Second-year physics student Elise Woodward had similar experiences.
“I was told by the other male in the group that he knew what was going on … he wouldn't even listen to [all of my ideas] and cut me off, right off the bat. That’s actually happened three or four times since first year … just not having your voice heard,” says Woodward.
And while females are slowly inserting themselves in “traditionally male roles,” these students expressed that it’s almost as if they must give up a part of their identity to fit in. Somehow, for some reason, being feminine and being successful in certain industries is a difficult idea for some to digest.
“If I were to go out to bars and say, ‘Oh I’m in computer science,’ they’d respond ‘Oh, you don’t look like someone who’s in computer science,’ — it’s like a backhanded compliment, where they’re like ‘you’re pretty, but you’re too pretty for computer science.’ Okay then — so I look dumb?” says Popa.
Woodward supported the feeling, saying “Obviously if you are coming to university, if you are trying hard, that's all the merit you need. You don't need to be a genius, you don't need to be the best in your class and you don't need to be one of the boys — that's not a requirement to be a student in physics."
And while these women actively try to shake off the stereotypes that are adamant on following them into their careers, we find that they, while being accepted, are only done so at surface level. They are invited into the club, but are still expected to do a “woman's job” or offer something “only a female can.”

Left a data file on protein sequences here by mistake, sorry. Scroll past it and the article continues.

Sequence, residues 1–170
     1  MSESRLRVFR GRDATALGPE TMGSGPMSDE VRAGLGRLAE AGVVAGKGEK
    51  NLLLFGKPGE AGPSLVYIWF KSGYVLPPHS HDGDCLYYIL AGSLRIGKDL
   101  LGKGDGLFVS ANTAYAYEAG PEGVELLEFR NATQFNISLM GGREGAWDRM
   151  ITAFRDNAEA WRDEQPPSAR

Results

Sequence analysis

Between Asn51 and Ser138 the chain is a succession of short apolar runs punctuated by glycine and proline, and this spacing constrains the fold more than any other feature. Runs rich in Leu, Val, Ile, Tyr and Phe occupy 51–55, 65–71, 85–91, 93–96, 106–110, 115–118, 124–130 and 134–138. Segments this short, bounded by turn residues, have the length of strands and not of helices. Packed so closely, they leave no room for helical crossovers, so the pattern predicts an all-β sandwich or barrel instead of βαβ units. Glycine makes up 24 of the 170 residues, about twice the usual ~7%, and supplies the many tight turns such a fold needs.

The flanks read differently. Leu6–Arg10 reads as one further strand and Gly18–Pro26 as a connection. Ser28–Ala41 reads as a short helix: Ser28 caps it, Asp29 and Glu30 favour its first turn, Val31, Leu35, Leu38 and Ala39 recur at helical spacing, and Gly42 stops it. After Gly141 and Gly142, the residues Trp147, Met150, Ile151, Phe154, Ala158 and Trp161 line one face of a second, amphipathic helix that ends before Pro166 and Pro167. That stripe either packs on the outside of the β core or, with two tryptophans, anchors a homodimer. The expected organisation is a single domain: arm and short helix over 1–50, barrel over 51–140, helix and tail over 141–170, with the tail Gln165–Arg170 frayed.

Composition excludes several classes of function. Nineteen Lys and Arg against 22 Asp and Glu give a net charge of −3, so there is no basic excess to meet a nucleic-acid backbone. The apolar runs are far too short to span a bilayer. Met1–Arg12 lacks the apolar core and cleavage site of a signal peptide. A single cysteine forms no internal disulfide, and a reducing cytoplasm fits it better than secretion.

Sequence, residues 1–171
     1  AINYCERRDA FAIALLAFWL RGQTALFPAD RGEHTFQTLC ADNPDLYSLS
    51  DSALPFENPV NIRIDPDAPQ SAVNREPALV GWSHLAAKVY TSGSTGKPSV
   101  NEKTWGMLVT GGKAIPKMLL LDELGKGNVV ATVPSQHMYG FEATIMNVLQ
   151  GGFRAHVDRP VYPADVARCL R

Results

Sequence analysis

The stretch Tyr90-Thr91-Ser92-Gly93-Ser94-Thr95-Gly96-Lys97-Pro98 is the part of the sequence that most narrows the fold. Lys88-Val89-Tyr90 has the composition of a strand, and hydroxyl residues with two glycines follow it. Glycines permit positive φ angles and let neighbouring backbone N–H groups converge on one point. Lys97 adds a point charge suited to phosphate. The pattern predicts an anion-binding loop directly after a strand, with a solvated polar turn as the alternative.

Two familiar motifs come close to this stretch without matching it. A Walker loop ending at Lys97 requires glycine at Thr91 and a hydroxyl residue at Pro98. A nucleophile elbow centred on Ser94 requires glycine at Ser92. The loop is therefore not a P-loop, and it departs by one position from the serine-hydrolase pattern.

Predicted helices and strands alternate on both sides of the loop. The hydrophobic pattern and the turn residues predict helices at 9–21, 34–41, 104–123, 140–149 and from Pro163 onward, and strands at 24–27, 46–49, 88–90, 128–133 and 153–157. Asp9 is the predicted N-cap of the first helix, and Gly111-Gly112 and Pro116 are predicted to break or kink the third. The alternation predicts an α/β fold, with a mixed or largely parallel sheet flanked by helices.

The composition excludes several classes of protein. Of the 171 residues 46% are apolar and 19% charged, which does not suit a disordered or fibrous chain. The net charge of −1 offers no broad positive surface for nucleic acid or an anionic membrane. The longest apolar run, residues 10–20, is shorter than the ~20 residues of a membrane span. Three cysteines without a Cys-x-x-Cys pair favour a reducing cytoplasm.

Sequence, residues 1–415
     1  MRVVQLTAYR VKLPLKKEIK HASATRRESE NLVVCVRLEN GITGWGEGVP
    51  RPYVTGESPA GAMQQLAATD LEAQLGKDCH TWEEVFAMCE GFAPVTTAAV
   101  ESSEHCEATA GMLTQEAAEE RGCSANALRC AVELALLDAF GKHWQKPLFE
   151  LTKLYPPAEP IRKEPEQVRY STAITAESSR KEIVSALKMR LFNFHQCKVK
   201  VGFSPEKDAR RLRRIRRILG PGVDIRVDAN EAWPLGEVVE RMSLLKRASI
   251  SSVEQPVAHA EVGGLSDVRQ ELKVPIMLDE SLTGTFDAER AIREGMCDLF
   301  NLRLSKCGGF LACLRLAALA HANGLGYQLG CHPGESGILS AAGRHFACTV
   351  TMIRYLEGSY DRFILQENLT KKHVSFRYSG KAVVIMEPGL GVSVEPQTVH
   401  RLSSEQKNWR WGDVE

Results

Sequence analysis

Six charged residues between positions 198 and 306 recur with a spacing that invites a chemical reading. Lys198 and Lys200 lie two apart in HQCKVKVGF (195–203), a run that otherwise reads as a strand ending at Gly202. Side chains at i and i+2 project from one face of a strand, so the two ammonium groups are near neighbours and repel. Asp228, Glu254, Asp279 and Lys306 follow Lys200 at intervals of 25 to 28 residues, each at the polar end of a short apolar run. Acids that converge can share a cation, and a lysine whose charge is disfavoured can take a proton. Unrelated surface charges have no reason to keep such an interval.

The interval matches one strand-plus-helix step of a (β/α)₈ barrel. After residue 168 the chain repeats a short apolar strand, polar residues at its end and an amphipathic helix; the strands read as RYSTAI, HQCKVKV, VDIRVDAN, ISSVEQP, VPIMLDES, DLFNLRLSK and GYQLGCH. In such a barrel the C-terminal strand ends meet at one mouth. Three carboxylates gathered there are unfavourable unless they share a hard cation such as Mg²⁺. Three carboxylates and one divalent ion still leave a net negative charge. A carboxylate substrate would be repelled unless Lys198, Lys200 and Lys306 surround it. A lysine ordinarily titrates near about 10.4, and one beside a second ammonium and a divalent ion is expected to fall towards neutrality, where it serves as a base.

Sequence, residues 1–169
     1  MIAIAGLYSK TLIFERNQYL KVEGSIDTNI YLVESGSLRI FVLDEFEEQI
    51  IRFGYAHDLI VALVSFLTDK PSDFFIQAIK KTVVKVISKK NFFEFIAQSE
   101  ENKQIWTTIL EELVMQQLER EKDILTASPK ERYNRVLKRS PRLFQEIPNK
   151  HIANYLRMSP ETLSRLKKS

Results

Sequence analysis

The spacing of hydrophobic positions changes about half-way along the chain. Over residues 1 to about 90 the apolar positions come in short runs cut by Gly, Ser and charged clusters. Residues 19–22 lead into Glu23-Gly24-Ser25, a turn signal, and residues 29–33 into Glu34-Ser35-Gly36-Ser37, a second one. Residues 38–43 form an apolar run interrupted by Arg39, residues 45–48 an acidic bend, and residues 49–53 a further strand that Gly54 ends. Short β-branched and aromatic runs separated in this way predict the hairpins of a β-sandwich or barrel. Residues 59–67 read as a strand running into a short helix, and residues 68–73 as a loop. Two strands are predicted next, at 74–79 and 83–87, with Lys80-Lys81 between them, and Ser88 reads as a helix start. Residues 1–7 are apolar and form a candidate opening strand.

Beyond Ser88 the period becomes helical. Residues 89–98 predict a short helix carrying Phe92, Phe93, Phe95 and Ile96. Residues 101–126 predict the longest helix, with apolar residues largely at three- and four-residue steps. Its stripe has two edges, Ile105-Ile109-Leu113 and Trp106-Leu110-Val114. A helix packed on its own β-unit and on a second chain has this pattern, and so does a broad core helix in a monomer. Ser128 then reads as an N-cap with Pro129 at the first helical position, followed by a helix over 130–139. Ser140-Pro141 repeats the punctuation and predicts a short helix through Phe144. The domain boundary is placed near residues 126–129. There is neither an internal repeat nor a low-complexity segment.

“I remember for a group project we got to pick our teams and I didn’t know anyone. A group of guys approached me and asked if I wanted to join. I was like ‘yeah, that would be great.’ I later realized it was only because they thought I’d be great at the aesthetics of making our product look nice. I’m not even good at that. They would ask me about CSS and what colours should we use — I really didn’t care,” says Popa.
Mooney also describes an experience where she felt undermined for her gender. "I applied to the military, to serve in an infantry role and upon application and for the duration of testing, I felt targeted by my male counterparts,” describes Mooney. “I was asked questions that focused on my gender, 'what makes you an exceptional female candidate?' or 'why do you even want to pursue this?' In testing, it seemed like there was less targeting on the males, and as one of only two females … I felt very pressured. Rather than just being a candidate, I was a gendered one.”
And so we celebrate women, because it’s not easy being one. There are many horror stories, and many challenges but there are is also success and empowerment. For change to happen, there must be those brave enough and willing to fight for it.
“You have something all the males don’t — own that. Stop letting the concern of men dominate your decisions,” says Mooney.